What is the Governance Coefficient?
The Governance Coefficient assesses the quality of governance of African countries in a similar way to the Gini Coefficient. The latter is calculated with reference to the Lorenz Curve as a measure of the level of inequality within a society on a scale from 0 to 1 where 1 represents the highest level of income inequality and 0 represents the most equal distribution of income.
The combination of the qualitative methods employed in the Governance Barometer with the quantitative method of the Governance Coefficient presents a more holistic perspective of the governance context of African countries. It presents an innovative approach that opens the ‘black box’ of governance to understand the relationship between different governance variables that are typically lumped together in composite indices.
The overarching idea is to lend quantitative rigour to the theoretical idea advanced by economists Acemoglu and Robinson in The Narrow Corridor. Based on over two decades’ worth of research, they argue that positive long-run development is ultimately determined by the relationship between state effectiveness on the one hand, and citizen strength, on the other. These two arms should evolve in a ‘red queen’ kind of way – running to stand still. The one acts as a bulwark against the other, producing a corridor in which economic dynamism can flourish and reinforce the relationship between these key governance variables. Some states are very effective, but citizens have no voice, which invariably bodes poorly for their long-term development prospects. China is a case in point. Others might exhibit strong citizen voice but have a relatively ineffective state.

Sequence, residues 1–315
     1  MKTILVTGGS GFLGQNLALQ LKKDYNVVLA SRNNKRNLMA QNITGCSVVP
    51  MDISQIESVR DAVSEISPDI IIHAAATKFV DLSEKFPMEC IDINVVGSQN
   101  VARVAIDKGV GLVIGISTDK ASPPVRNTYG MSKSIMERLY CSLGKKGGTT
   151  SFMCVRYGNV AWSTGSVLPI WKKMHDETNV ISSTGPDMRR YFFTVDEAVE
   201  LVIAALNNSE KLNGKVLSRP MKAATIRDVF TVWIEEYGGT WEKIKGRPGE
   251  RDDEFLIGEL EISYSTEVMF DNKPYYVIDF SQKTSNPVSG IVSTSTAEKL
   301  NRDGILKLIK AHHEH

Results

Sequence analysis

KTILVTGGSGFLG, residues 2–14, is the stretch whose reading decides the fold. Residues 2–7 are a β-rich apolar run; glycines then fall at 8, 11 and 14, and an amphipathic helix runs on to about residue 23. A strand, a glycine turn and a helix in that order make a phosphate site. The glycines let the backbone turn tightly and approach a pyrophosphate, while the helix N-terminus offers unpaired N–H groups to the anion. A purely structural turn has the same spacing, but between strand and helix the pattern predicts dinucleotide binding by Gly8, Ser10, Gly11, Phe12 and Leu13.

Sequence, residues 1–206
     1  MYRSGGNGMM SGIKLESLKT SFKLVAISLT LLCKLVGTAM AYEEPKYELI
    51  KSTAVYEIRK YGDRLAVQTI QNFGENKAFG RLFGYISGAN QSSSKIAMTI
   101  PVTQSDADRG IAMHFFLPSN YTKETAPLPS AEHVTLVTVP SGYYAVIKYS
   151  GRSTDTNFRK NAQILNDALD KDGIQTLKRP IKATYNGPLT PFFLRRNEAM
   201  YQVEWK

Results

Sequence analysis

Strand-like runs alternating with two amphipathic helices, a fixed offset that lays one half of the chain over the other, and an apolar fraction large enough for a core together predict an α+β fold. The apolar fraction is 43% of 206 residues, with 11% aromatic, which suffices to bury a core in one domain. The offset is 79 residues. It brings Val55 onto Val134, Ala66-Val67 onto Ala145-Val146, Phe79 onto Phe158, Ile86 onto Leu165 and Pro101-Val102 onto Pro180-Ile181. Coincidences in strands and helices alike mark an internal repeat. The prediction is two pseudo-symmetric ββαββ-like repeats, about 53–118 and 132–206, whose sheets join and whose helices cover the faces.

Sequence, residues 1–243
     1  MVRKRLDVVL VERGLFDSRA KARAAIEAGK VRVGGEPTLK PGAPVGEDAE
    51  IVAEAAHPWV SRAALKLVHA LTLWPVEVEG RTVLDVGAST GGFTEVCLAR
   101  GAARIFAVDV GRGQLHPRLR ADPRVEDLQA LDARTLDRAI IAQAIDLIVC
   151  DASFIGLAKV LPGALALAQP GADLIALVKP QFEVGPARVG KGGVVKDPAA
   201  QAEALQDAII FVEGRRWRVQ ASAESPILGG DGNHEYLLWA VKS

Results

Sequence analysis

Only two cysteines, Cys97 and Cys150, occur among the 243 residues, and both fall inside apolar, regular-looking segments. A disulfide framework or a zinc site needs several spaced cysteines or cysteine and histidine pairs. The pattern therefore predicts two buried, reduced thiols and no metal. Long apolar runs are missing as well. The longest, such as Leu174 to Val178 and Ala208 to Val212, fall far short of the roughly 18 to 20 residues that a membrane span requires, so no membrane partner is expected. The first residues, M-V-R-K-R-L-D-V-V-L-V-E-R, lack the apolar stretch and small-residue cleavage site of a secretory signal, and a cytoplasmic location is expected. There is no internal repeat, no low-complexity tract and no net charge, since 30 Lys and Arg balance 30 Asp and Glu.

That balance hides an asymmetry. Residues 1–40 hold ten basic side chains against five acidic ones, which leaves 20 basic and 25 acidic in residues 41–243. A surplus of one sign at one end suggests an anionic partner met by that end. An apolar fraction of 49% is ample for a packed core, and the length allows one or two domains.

Inspired by this theory, we built our ‘Governance Coefficient’ to provide some quantitative rigour to the narrow corridor concept. We locate countries in relation to ‘government effectiveness’ and ‘citizen voice and accountability’ and show how this relationship changes over time. Countries are depicted by colour in terms of GDP per capita size. Technically, improvements in the two governance variable scores should correlate with an increased GDP per capita. Some exceptions prove the rule, especially in oil-wealthy developing countries, where GDP per capita is high but the rents accrue only to members of the ruling elite.
 The Narrow Corridor: States, Societies, and the Fate of Liberty.